Workplace Ethics

Effective and appropriate workplace ethics-principles and practices that define the duties, obligations and, by implication, the rights of an organization's members-builds on the individual and collective values found in society. Any workplace ethical standards sharply at variance with those privately or publicly embraced by its members are likely to be protested, resisted or at least questioned by them.

Conversely, when an organization's specific rules and codes dovetail with the core morality of its employees, compliance facilitated by comprehension and agreement is very likely to be very willing. Preaching is always easier when it is directed at the already mostly converted.

When a given organization's ethics deviate from those of its employees, special effort will be required to "sell" them, e.g., in "pump-and-dump" stock operations that fleece clients as the wool is pulled over their eyes. (Yes, even evil-doers believe they are doing "the right thing"-at least for themselves.)

Workplace ethics, more commonly called "business ethics" in the US, occupies a spot somewhere between law and religion. Like the law, its rules and allowed practices are regarded as being susceptible to modification and evolution; like religion, those principles are regarded as somehow chiseled in stone emotionally, if not literally, and enunciated with piety akin to religious fervor.

Ideally, any code of ethics should be comprehensible to as well as compulsorily binding upon those subject to it. This means that workplace ethics should do more than control the behavior of an organization's members. In any of its specific embodiments, it should also seem reasonable and well-justified. Commandments without explanation seem to work well for religions; but they are not likely to seem compelling in the second sense, when trumpeted to a savvy, feisty or skeptical workforce.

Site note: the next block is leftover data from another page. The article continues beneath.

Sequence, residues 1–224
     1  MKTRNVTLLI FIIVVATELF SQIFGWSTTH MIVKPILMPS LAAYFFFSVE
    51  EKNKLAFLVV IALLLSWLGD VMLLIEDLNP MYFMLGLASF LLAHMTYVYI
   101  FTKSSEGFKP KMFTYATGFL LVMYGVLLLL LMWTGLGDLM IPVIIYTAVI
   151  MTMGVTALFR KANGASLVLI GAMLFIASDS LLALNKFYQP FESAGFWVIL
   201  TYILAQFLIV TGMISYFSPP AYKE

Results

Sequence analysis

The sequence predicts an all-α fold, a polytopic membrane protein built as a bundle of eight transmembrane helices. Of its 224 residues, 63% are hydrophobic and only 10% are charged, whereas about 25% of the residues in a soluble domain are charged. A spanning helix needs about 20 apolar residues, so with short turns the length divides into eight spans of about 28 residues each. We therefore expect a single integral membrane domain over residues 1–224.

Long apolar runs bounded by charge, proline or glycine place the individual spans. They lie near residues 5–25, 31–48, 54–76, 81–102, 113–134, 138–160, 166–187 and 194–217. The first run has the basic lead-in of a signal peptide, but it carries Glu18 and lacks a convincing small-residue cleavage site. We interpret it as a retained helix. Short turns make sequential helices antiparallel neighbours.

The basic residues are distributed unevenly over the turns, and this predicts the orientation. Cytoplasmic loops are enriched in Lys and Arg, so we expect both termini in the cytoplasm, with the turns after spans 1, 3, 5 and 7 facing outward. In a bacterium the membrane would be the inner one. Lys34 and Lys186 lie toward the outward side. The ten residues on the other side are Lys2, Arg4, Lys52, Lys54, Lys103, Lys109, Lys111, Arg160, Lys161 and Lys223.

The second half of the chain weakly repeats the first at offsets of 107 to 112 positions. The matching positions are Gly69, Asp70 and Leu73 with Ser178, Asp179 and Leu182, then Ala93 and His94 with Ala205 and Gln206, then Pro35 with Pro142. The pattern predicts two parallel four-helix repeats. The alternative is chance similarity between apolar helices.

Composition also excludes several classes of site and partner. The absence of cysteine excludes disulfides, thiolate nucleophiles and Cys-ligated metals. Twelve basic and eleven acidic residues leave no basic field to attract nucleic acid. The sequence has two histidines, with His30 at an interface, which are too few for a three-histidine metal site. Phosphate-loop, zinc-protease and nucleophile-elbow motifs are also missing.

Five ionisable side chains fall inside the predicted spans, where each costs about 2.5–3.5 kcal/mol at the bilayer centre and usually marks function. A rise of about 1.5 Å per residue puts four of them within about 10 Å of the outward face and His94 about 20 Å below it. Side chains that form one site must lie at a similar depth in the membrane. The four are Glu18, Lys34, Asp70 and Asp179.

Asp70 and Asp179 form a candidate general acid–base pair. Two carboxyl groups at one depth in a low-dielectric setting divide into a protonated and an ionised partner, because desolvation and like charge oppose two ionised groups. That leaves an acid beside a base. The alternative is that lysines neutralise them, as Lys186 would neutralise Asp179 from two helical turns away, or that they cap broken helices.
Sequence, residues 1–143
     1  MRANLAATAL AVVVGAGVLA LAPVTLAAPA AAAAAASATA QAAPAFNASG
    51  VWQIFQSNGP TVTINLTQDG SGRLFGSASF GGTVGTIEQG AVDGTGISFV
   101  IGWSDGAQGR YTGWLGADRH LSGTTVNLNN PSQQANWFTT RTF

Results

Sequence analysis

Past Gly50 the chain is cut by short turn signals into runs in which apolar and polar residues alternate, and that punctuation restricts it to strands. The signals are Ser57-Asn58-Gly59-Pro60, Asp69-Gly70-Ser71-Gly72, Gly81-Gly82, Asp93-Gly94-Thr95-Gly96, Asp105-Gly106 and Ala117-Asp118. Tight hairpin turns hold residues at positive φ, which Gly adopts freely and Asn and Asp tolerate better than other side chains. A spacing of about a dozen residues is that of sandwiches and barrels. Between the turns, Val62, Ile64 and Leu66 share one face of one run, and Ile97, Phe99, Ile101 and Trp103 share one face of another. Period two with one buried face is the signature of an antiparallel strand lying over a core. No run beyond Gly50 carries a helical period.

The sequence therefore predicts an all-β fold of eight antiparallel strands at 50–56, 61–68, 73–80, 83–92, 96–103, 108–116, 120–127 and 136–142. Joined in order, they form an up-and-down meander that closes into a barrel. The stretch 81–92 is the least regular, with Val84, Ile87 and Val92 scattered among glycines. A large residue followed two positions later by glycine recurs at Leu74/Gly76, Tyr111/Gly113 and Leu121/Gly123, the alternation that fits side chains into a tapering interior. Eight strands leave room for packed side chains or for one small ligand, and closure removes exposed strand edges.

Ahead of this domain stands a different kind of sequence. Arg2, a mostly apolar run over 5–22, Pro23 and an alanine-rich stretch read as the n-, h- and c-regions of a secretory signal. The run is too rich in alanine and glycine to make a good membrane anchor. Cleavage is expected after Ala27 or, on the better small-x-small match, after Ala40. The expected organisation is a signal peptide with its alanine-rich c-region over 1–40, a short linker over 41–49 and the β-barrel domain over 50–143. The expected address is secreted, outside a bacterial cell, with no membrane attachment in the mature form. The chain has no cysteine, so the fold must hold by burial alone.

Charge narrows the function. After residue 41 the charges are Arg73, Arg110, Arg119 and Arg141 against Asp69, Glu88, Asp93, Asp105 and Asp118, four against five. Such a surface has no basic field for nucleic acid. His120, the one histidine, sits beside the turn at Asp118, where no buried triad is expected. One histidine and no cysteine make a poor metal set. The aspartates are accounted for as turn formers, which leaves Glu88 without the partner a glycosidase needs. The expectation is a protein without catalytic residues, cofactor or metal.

The behaviors that a company wishes to instill in managing workplace ethics will primarily be determined by the organizational culture and priorities that guide organizational decisions, but with inspiration and constraints from the broader community in which the organization operates and is embedded.

To ensure a positive and ethical environment, the guidelines for the culture and goals must be reinforced on a regular basis, and each decision made should be based on the principles of the underlying mission, vision, and values upon which the culture is intended to be based. The simplest and most effective strategy for reinforcing workplace ethics is through the coaching method of management, which requires accountability at all levels and uses a mentoring-based solution to problems with employee behavior or performance.

As with any rule or guideline that the company wishes employees to follow, the key to compliance is consistency and clarity throughout the organization. If upper management is perceived as unethical, the likelihood of subordinates taking the morally higher road diminishes in proportion to the latter's awareness of and comparable immunity from the consequences of unethical behavior. Leading by example is best demonstrated in the area of ethics, as it is a reflection of a person both within and outside of the workplace, and will inspire the type of compliance that is highly desired.

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